The walk from Grahovše to the Dom pod Storžičem mountain hut makes an ideal family walk. It only takes around an hour and isn’t strenuous.

To reach the starting point in the village of Grahovše, drive through Tržič in the direction of the Dovžan gorge (Dovžanova soteska) until you reach a road on the right that leads up to the hamlet of Slap. Note: if you don’t have a car, you can start the walk here, and you should allow an extra hour or so to reach the mountain hut.

Follow the road up to the idyllic village of Lom pod Storžičem, with its imposing church.

Drive onwards to reach the village of Grahovše, where you will see a large gravel parking area on the left-hand side. Although it is possible to continue further by car, the tarmac road turns into a track, and there is also a notice opposite the aforementioned parking area, requesting that visitors kindly park in the allocated parking area, thus respecting life for the villagers and helping to preserve nature.

After just a few hundred metres you reach a junction and a signpost to the left marked Dom pod Storžičem. Follow the dirt road and you will soon get your first glance of majestic Mt. Storžič (2,132m) – the highest mountain in the western part of the Kamnik-Savinja Alps.

Continue on the road adjacent to the stream for around 10-15 minutes, passing a source of fresh water (on the left) and a somewhat hidden shrine (on the right).

On reaching a junction, you can either continue on the road (the longer, less scenic route) or take the right fork uphill (the more direct, scenic route). The latter soon leads up over a pasture with a few scattered wooden huts.

A short, steep incline awaits then, before you know it, you’ve reached the mountain hut.

From the hut, those wanting a longer, full-day hike, have several options. You can hike to the top of Storžič (cca. 3 hours from the hut), but note that part of the route is considered demanding, so only experienced and well equipped hikers should tackle it, or up to Tolsti vrh (cca. 2 hours from the hut), among other options.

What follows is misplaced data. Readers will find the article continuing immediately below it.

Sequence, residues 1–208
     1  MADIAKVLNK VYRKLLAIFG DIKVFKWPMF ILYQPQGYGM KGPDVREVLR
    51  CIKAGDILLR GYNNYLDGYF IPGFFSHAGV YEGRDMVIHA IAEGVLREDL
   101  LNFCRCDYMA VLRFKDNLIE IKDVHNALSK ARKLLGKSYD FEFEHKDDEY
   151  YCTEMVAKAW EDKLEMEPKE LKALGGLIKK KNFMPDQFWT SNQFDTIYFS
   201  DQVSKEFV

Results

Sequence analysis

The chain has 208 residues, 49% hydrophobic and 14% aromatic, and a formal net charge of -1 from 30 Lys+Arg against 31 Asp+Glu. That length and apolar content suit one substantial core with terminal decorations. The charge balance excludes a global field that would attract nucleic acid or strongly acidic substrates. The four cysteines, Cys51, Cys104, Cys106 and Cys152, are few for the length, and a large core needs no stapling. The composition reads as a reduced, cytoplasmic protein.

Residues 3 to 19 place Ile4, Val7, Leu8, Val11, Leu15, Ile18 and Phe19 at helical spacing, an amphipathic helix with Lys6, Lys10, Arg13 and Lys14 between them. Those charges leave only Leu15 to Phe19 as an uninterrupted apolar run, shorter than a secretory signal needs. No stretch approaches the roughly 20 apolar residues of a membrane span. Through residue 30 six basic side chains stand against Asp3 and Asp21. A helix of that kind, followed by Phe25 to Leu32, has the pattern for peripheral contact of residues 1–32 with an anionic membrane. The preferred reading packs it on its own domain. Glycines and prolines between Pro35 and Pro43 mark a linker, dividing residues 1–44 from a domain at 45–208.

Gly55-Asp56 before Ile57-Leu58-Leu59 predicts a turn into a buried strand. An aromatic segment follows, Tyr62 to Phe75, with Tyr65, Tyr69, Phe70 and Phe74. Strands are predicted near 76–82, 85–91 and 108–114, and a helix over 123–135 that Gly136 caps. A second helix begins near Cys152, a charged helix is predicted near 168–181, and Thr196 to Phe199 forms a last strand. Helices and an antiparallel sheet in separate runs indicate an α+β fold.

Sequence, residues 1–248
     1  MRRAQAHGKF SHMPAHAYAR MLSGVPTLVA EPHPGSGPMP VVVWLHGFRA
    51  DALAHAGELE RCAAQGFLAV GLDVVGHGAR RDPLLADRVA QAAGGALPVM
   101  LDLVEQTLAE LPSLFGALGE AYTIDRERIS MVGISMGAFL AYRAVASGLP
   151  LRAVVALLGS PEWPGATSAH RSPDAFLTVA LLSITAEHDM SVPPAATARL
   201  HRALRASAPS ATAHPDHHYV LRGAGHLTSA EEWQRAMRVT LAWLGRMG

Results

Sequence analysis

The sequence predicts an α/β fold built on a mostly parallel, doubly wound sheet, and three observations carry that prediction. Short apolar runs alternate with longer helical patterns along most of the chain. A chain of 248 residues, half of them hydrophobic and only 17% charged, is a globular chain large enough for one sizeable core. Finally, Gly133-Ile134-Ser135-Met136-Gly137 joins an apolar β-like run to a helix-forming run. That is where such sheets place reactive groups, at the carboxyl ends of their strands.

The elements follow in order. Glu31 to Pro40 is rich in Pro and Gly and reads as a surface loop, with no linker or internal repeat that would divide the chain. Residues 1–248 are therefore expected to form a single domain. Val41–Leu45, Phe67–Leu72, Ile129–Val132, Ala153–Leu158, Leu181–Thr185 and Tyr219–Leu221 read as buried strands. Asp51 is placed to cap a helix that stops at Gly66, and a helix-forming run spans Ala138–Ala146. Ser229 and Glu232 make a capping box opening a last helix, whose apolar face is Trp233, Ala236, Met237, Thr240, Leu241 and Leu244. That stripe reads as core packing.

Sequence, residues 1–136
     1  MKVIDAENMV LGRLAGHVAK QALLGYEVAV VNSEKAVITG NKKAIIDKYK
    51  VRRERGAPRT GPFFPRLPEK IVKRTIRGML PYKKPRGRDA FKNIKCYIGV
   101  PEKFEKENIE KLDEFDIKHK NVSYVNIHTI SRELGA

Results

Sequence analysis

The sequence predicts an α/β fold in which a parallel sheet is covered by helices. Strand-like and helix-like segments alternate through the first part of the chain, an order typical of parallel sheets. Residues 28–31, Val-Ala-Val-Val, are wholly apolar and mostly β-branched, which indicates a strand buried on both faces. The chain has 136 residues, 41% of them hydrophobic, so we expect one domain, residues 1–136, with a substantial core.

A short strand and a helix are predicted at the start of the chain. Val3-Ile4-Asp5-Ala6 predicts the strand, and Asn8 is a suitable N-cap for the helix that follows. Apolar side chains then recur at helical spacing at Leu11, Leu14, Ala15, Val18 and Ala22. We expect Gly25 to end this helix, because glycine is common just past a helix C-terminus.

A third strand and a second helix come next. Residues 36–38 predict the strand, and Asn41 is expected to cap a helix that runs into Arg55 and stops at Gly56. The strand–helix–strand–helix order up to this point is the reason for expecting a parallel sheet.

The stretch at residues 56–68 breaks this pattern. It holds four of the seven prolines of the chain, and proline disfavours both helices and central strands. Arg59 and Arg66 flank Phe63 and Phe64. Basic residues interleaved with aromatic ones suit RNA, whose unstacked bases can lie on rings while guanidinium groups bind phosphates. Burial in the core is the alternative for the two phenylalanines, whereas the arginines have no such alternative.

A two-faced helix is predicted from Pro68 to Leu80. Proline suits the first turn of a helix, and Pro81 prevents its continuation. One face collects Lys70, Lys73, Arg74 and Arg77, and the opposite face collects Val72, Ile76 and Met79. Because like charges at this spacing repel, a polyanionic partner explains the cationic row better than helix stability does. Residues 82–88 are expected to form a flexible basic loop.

If, however, the hut itself is your destination, then sit back and enjoy a drink and/or snack before heading back to the valley. The strudel looked delicious, though, of course, not gluten free so I could only look on. Note: in order to be able to sit indoors the hut, you must have proof of being double vaccinated, or have a negative COVID-19 test, or proof that you have recovered from the virus in the past 6 months. There are no restrictions on sitting outside the hut.

Click here for more information about this and other walks in the Tržič area.

Finally, as I mentioned above, without wishing to whinge in public, I feel I owe it to regular readers and followers of my blog, particularly those that use it as a source of reference/inspiration for hiking in Slovenia, to write a short word about my current ‘problem’ (since I’m not even sure what to call it). At the end of February this year my world changed, when I thought there had been an earthquake, but it turns out it was something going on in my head, i.e. my inner ear. Since then I have felt as if I’m on a boat on rough seas 24/7, with the world swaying and rocking around me, and the accompanying feeling of sea sickness. I’ve seen 7 doctors/specialists, had scans and various tests, and even tried several types of alternative medicine, but all to no avail. To the outside world I look fine, but, believe me, inside my head it’s a living nightmare, which I wouldn’t wish on my worst enemy, and it’s something no one can possibly understand unless they have had vestibular-type issues. Therefore, with little to no balance, my adventurous outdoor pursuits are currently resigned to those of someone twice my age, but I’m trying (though not always succeeding) to remain optimistic, and keep as active as I can. And on that note, until next time…

© Adele in Slovenia

Tržič – ‘a crowdless paradise’

As our thoughts are slowly beginning to turn to planning holidays, this year – more than ever – it makes sense to choose a destination for your holiday that is ‘far from the madding crowd’.

Slovenia, fortunately, has plenty such destinations (my tip is to be sure to avoid the overcrowded places during the height of summer – Bled, in particular, as well as to some extent Piran, the Postojna caves, Ljubljana…). Radol’ca, where I live and about which I wrote last week, is one such uncrowded place, while Tržič, which is just a stone’s throw away, is another.